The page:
On January 14th, 2021, Shelby Houlihan received an email from the Athletics Integrity Unity (AIU) notifying her that her drug sample given on December 15th, 2020 has returned as an Adverse Analytical Finding for an anabolic steroid called Nandrolone and she was provisionally suspended. Since that day, Shelby and her legal team have been fighting to prove that she did not take Nandrolone or any other prohibited substance in any form. Throughout the years, drug testing has evolved to become more and more sensitive. These tests can now pick up on the smallest traces of substances in the human body. What they don’t account for however, is that these trace amounts can be found in the US food supply. These can show up most commonly in meat and contamination of
vitamins and supplements. Even in these cases where it’s believed to have come from something in the food supply, it is the athlete’s responsibility to prove that they are innocent which can be an almost impossible task since in food contamination cases, you no longer have the original food source that was consumed. Shelby and her team don’t know with 100% certainty where this trace amount of Nandrolone came from. The only thing they know for certain is that she did not take it intentionally.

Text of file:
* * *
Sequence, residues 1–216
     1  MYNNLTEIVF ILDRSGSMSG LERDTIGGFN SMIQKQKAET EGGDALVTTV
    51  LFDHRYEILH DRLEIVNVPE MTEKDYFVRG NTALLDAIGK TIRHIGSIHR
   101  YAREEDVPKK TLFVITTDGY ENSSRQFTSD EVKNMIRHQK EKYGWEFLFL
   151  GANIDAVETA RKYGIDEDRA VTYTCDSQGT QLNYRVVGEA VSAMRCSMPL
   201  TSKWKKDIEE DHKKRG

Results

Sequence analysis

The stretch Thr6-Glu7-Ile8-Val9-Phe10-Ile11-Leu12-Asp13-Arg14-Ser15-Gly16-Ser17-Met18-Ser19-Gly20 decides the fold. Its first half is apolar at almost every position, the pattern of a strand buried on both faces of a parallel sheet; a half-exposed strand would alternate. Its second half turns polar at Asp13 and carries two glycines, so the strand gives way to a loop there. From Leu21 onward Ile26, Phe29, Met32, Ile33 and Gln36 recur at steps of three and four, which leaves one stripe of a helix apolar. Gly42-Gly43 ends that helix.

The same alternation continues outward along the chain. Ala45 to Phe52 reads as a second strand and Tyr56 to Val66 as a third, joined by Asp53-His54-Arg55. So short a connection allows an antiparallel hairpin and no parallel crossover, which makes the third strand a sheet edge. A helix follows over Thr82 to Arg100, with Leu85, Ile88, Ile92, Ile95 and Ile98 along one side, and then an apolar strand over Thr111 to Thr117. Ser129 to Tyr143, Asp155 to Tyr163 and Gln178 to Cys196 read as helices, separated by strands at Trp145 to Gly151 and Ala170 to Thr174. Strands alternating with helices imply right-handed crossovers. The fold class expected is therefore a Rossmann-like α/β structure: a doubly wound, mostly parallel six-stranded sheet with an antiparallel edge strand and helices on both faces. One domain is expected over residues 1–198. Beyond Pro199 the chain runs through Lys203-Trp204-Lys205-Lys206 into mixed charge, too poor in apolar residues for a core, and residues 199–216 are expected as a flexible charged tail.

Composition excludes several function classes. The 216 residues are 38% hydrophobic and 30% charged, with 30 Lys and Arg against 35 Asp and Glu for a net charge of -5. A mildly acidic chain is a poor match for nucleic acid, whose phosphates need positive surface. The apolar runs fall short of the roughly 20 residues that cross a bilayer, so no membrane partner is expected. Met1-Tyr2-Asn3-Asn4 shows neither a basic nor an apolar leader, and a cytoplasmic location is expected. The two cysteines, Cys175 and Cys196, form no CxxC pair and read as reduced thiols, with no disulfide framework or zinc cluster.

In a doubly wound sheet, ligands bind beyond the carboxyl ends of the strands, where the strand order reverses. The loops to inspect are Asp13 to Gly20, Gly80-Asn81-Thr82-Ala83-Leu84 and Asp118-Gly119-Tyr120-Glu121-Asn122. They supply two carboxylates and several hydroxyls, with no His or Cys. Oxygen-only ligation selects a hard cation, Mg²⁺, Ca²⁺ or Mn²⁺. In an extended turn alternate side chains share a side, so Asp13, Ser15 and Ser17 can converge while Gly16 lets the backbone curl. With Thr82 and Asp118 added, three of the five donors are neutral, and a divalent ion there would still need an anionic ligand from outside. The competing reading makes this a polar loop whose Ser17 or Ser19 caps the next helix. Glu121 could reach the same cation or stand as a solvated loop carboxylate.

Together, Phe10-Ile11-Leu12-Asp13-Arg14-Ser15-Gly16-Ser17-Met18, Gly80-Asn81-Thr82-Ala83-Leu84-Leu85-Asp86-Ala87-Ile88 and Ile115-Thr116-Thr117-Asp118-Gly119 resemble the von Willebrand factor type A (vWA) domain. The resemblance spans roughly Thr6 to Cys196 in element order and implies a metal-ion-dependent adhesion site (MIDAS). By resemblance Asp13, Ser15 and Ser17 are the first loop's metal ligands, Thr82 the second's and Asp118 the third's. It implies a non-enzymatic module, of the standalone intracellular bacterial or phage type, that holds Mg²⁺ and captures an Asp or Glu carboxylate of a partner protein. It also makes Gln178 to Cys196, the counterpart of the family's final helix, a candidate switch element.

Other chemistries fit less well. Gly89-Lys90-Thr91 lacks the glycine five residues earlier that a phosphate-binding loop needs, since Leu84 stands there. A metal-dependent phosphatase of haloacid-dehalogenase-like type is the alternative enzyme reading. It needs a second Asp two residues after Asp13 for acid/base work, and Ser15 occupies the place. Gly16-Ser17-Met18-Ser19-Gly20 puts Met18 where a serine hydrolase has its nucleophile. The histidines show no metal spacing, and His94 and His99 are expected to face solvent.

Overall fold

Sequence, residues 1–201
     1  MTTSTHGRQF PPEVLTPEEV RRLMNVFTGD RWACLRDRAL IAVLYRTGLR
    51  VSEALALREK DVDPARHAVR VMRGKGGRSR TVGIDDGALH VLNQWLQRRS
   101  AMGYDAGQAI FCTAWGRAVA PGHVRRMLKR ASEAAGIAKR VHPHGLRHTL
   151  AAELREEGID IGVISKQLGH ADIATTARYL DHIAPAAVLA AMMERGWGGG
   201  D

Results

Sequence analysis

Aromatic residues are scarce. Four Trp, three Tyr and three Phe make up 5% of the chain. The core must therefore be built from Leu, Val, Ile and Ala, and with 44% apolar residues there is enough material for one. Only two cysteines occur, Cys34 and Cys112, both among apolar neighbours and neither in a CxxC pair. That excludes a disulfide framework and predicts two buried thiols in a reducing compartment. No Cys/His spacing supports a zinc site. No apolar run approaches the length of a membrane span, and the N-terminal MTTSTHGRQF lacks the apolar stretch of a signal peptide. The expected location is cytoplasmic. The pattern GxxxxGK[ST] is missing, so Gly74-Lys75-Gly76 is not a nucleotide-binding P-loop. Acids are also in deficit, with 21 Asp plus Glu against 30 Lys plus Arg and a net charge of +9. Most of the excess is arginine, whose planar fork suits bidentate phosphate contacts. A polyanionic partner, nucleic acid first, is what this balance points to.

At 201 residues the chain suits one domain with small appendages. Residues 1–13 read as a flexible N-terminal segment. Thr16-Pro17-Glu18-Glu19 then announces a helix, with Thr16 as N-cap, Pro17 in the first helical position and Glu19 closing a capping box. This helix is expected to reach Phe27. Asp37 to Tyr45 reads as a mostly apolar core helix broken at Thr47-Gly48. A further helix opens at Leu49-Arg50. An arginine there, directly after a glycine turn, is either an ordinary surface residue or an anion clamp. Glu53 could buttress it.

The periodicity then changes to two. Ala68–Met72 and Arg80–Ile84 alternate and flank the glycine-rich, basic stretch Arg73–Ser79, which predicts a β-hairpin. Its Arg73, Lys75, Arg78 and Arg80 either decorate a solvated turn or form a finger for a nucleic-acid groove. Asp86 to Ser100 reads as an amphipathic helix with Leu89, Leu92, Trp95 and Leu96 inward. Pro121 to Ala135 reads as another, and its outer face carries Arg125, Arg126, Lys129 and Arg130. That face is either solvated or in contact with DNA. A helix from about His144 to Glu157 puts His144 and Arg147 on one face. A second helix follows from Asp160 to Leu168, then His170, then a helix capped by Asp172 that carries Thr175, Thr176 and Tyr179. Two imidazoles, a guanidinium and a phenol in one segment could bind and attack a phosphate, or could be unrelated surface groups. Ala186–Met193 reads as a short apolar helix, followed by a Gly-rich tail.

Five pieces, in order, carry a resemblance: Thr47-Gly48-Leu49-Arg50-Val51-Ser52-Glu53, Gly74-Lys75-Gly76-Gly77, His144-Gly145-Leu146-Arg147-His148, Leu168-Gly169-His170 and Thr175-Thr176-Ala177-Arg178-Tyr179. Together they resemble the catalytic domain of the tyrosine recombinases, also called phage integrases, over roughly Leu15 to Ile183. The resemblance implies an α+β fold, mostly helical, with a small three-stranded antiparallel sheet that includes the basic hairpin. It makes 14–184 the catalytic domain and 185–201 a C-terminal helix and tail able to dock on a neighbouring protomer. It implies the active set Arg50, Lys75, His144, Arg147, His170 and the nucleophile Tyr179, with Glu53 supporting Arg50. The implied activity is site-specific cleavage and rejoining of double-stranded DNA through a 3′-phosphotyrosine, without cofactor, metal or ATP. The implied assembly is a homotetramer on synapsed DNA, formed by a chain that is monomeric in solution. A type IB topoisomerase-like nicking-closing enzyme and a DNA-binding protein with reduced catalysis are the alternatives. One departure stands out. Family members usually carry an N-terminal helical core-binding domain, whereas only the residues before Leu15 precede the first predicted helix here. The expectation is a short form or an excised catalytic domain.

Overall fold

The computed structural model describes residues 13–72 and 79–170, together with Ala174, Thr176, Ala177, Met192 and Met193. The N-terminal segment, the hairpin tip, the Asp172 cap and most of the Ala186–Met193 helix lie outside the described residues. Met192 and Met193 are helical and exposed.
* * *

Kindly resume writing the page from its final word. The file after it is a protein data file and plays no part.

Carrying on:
Here is what they do know:
-Nandrolone can be found naturally in high amounts in pig offal (pig organs).
-Shelby ordered a carne asada burrito from a Mexican food truck that also serves pig offal for dinner the night before her December 15th test.
-When consuming Nandrolone by means of pig offal, Nandrolone levels are at their highest concentration in the human body approximately 10 hours after consumption.
-Shelby ate her burrito approximately 10 hours prior to the December 15th test.
-Her burrito was also heavier and greasier than normal.
-Because of the COVID-19 pandemic, the US meat industry was not operating under normal circumstances or regulations.
-The meat she had possibly consumed on December 14th had been purchased in September 2020 and frozen.
-She also consumed Calcium vitamins, Multivitamins, Vitamin D, and a B-Complex vitamin.